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CLASS FORUMS

 

Forum: Teachers

TOPIC: 

John Yeoman

Created on: 03/30/09 12:32 AM Views: 1520 Replies: 2
John Yeoman
Posted Sunday, March 29, 2009 07:32 PM

Mr. Yeoman was my chemistry teacher for both semesters, but what a beginning! The very first day of class in the lecture room as he was talking to us about chemistry, he took out from a drawer all of these wind-up toys, wound them up and let them loose on top of his demonstration table. At first, I thought he was crazy, but the reason was to make sure everyone was paying attention to what he was about to show us about chemistry. It was either a piece of cardboard or wood, I don't remember, but he poured on it a concentrated acid, and then a strong base. Fumes arose and it was obvious that these could be very dangerous. He then showed us two test tubes with the acid and the base, and took one drop from each and placed it on the test material with the same results. Then without blinking an eye, he mixed the contents of the test tubes in a beaker and drank them. Everyone gasped and I'm sure some of us thought he was commiting suicide. We found out shortly by being shown how a chemical reaction works, that when these two reagents were mixed, they became salt and water. What an introduction to chemistry! That beginning made it one of my favorite classes - and Mr. Yeoman one of my favorite teachers.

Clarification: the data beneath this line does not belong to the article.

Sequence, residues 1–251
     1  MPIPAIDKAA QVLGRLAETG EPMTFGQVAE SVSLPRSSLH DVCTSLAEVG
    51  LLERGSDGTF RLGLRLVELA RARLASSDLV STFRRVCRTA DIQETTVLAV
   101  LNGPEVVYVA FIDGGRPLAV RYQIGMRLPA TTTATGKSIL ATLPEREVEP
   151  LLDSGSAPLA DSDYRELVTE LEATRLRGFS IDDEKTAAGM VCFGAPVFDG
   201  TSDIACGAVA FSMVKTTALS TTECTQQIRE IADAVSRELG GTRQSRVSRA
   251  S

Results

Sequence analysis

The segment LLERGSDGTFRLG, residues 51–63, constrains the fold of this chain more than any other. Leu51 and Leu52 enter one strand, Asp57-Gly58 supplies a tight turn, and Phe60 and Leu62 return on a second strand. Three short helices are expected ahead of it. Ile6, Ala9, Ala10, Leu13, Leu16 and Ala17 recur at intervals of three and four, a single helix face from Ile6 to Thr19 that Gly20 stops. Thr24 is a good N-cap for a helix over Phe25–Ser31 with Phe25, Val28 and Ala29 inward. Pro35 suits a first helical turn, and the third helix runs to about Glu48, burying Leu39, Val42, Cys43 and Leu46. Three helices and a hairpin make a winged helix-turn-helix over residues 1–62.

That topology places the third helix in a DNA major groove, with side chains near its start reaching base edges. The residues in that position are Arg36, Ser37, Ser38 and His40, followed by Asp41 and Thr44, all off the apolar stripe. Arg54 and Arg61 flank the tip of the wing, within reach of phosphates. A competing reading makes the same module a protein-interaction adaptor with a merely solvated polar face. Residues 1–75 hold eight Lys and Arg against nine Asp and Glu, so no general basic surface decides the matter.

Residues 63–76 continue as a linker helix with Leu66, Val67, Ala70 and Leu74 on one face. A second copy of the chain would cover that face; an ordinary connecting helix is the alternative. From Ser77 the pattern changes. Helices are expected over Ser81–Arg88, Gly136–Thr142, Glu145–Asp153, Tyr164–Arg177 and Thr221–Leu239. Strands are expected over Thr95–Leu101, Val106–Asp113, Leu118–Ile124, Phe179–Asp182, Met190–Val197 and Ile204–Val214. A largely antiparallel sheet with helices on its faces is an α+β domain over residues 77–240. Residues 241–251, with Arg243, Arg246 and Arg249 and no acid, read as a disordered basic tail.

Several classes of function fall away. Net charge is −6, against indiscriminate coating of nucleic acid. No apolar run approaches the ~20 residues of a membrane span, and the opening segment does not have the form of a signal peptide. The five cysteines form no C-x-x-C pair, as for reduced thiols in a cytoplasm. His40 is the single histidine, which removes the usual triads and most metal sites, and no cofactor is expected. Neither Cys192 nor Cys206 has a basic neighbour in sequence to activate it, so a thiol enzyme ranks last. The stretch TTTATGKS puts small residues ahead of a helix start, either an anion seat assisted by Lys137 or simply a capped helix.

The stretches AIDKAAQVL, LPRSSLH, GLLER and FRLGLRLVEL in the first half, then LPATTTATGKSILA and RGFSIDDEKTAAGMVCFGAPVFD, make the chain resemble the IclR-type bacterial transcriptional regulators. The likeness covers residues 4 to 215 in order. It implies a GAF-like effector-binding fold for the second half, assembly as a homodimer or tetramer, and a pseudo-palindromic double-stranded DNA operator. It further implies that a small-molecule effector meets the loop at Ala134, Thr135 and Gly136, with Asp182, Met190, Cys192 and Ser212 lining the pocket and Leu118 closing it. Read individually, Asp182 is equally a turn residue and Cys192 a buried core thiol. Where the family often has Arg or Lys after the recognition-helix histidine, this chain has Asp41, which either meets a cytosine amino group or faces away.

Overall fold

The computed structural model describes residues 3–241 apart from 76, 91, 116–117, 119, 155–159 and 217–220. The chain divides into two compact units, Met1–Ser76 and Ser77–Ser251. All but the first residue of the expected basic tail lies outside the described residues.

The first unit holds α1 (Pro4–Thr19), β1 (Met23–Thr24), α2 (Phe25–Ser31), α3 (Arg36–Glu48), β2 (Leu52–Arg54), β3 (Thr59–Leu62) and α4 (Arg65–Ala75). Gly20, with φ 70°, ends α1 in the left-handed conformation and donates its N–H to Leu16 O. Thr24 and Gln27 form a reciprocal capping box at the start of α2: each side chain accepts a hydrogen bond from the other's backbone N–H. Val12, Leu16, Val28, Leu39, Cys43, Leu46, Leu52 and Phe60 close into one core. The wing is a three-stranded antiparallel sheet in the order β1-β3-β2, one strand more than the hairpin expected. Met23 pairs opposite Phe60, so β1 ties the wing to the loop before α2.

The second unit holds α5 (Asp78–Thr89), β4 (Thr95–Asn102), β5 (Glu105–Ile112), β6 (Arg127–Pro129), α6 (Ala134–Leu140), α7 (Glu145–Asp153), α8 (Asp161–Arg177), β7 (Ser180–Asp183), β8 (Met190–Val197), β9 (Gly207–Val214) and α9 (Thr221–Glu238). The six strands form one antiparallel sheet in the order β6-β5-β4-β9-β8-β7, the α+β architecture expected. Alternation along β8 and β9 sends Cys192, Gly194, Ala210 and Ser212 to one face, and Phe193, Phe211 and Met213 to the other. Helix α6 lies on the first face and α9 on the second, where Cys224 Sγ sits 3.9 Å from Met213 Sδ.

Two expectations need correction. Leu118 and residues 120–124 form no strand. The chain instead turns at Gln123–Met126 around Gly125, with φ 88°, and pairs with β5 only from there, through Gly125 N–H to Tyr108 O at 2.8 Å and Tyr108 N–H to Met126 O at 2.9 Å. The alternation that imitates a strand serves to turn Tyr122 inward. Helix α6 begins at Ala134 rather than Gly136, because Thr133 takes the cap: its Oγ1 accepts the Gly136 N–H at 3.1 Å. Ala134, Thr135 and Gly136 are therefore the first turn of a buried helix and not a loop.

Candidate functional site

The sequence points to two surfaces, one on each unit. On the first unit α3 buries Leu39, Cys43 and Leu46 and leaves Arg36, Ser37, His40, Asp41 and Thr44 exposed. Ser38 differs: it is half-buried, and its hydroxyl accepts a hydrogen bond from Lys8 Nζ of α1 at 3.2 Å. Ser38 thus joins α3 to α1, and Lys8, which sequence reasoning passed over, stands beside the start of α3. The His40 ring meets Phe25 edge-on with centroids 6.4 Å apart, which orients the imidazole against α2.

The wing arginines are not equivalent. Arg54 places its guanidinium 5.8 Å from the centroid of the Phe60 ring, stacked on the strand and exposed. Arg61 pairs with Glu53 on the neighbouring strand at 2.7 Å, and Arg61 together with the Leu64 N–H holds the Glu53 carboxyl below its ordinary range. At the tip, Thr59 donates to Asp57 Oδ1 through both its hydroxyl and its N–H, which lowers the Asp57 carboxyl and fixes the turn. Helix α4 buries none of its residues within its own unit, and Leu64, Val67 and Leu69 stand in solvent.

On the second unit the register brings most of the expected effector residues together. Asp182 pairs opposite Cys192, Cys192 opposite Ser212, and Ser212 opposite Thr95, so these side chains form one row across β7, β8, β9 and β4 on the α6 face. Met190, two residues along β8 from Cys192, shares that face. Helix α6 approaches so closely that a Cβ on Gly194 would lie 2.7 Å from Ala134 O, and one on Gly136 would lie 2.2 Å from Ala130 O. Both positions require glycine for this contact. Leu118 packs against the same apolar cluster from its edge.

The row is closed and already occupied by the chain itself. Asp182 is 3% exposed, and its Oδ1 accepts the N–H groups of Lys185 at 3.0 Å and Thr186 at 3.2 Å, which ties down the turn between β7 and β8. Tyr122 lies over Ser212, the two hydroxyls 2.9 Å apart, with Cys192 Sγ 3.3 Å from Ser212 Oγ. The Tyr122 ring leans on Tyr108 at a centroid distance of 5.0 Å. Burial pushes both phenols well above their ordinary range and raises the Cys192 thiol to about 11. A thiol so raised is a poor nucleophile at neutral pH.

End Around

 
Edited 04/05/09 02:18 PM
RE: John Yeoman
Posted Sunday, April 5, 2009 11:12 AM

Mr. Yeoman had a significant influence on me. Although I did not decide to be a teacher until my Junior year at U of M, the animated manner he used to teach chemistry contributed to my science teaching skills. I still wonder about all the times he & other chemistry teachers had students decompose HgO into mercury and oxygen. If the mercury vapors impacted him it sure was not evident when he was my teacher!

John Herrold
Somewhere in Arizona or Michigan

 
Edited 04/05/09 02:19 PM
RE: John Yeoman
Posted Saturday, December 4, 2010 11:25 AM

Just found this topic and thought it should be reactivated.  Mr. Yeoman, amongst the stuff Ken Barna discussed, did the following one day.  He took a Lab Report by I think it was David Baldwin, and without reading it set it on fire.  This was his way to introduce Chemical Changes.  I have to believe he gave David an A for the report he could not read.  

John Herrold
Somewhere in Arizona or Michigan